Shrugging off revelations of dirty tricks, claims of mass surveillance and even a lawsuit by Eminem, John Key was yesterday celebrating his third straight election victory – and an outright majority for his conservative National Party, the first since New Zealand embraced proportional representation nearly 20 years ago.
What analysts called the country’s “dirtiest” and “craziest” election campaign did not, apparently, tarnish Mr Key, a self-made millionaire and a former investment banker. He “could be photographed shooting little kittens in his garden with a shotgun and still be popular,” the German internet tycoon Kim Dotcom tweeted recently.
Mr Dotcom, who is fighting extradition to the US on charges of internet piracy and money laundering, was one of the wild cards. He founded his own party, the Internet Party, and – since he was unable to stand himself, as a non-citizen – made an alliance with the small, left-wing, Maori-focused Mana Party.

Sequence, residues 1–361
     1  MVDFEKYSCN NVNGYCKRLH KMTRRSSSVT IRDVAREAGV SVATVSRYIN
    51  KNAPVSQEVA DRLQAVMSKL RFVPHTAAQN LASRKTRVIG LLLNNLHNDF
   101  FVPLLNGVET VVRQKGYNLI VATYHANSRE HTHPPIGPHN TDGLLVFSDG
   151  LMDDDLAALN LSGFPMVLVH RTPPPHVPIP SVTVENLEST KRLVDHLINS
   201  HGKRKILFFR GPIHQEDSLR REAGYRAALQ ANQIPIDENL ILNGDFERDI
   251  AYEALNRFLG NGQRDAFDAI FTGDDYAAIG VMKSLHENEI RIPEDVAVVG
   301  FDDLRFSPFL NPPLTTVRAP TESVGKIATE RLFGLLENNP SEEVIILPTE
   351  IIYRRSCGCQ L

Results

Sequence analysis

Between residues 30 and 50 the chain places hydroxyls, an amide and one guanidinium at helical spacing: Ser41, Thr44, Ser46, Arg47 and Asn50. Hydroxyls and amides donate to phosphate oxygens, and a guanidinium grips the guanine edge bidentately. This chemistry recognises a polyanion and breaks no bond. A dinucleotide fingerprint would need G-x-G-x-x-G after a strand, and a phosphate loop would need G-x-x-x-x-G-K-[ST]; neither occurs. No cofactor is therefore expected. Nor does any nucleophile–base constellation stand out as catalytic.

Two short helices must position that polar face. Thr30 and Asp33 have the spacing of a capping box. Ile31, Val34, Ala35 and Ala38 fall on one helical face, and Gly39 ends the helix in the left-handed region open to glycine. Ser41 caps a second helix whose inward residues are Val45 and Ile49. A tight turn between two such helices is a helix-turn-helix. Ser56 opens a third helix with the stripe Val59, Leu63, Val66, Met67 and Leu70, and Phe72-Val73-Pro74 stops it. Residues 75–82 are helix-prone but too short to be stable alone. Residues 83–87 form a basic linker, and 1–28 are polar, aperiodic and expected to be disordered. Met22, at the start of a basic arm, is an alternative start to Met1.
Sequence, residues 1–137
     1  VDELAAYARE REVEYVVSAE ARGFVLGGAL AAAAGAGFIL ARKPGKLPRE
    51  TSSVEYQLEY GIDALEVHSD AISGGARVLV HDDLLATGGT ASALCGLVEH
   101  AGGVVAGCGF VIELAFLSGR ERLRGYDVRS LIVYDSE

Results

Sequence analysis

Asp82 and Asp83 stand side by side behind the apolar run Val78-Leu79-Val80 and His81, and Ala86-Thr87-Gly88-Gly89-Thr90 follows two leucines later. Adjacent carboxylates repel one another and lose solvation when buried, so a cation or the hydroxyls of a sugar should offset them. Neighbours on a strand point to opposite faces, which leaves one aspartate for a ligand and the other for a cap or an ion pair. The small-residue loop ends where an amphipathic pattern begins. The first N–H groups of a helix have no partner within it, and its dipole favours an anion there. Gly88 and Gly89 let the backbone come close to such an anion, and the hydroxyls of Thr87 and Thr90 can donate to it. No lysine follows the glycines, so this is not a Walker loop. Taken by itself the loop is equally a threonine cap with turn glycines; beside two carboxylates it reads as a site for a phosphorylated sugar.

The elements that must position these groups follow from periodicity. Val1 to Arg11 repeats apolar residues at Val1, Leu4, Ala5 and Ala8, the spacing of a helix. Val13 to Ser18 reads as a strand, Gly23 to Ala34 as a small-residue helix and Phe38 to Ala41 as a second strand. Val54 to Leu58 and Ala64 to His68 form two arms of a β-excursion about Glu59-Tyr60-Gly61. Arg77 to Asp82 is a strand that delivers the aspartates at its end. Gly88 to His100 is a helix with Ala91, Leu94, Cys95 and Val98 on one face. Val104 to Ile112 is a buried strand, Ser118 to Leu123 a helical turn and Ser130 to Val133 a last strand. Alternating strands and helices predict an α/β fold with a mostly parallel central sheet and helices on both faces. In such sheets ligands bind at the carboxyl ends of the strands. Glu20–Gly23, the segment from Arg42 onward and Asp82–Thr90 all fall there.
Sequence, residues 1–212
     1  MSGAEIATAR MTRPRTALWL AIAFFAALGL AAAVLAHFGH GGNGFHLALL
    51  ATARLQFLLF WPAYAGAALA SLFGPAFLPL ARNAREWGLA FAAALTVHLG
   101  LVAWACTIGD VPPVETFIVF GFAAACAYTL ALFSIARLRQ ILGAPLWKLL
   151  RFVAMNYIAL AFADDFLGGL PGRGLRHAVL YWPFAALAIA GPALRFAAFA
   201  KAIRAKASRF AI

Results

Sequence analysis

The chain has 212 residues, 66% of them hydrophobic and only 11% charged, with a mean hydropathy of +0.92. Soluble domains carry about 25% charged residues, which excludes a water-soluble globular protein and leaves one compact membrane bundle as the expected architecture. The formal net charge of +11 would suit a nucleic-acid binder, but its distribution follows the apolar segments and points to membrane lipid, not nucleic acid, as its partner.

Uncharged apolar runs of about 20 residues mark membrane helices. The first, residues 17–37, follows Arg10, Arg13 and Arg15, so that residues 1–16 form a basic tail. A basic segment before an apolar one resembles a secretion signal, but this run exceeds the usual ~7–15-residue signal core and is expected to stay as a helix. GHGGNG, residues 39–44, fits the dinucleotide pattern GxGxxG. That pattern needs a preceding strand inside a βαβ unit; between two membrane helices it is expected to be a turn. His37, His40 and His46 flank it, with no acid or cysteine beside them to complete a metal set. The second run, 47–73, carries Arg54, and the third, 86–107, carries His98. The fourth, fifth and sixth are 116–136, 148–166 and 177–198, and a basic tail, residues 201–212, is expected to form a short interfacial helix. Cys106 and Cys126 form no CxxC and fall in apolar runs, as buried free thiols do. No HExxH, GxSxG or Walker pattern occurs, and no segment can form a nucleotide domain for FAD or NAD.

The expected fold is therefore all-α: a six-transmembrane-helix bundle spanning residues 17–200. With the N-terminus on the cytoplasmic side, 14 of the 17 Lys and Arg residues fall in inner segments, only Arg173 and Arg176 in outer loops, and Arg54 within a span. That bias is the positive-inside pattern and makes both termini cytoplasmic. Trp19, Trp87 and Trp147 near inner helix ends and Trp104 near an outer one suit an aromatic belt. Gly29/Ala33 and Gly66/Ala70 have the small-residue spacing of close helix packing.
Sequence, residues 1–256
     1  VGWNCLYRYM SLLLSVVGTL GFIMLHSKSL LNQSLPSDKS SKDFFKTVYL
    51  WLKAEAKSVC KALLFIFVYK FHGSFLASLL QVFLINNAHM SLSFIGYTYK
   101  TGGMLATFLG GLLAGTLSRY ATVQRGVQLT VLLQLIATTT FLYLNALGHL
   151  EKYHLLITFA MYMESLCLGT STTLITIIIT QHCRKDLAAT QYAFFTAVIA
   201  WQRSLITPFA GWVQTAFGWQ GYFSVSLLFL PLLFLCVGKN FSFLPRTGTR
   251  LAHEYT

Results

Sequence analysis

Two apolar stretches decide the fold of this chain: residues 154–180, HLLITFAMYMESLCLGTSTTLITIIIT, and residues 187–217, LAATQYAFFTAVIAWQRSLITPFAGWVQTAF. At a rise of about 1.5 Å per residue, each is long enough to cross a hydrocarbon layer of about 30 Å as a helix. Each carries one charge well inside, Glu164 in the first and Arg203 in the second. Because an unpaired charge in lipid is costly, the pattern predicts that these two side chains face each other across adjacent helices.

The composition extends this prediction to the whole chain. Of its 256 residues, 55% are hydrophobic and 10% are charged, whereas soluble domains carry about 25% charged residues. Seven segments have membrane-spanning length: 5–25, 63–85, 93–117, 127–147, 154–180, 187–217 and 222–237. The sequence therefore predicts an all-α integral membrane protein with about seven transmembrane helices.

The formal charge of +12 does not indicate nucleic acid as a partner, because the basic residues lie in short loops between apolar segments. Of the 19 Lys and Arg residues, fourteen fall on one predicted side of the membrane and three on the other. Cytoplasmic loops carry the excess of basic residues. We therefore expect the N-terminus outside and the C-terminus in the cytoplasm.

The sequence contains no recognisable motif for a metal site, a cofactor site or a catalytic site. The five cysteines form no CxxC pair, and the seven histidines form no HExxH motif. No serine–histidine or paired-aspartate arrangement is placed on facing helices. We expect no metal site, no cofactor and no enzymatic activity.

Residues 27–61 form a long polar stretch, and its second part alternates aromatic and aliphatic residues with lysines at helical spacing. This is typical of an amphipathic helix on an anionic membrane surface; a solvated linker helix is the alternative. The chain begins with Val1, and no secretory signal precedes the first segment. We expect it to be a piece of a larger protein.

But despite his sinking NZ$4m (£2m) into the fight, and enlisting the support of Julian Assange and Edward Snowden, Internet-Mana won only 1.26 per cent of the vote and no seats.
The Nationals, by contrast, secured a historic victory, with voters rewarding Mr Key for his steady stewardship of the economy. With 48.1 per cent of the vote, the party has 62 of the 121 parliamentary seats, and is likely to bolster its position by renewing deals with minor parties.
Since New Zealand adopted proportional representation in 1996, no party has won an outright majority until now. In his victory speech, Mr Key attributed the result to “those who kept the faith … who refused to be distracted”.
There was a lot to be distracted by. In mid-August, a book by New Zealand’s top investigative journalist, Nicky Hager, revealed that Mr Key and senior colleagues had colluded with a right-wing blogger to smear political opponents and civil servants. The Prime Minister was saved by the resignation of his Justice Minister, Judith “Crusher” Collins.
Then there were the allegations – by Mr Assange and Mr Snowden, the US National Security Agency whistleblower – that the government had planned to implement a programme of mass cyber-surveillance of the population.
As for Eminem, the rapper is suing the Nationals for breach of copyright after they used music similar to his Lose Yourself track in a campaign advertisement. That didn’t hurt the seemingly Teflon-coated Prime Minister either.
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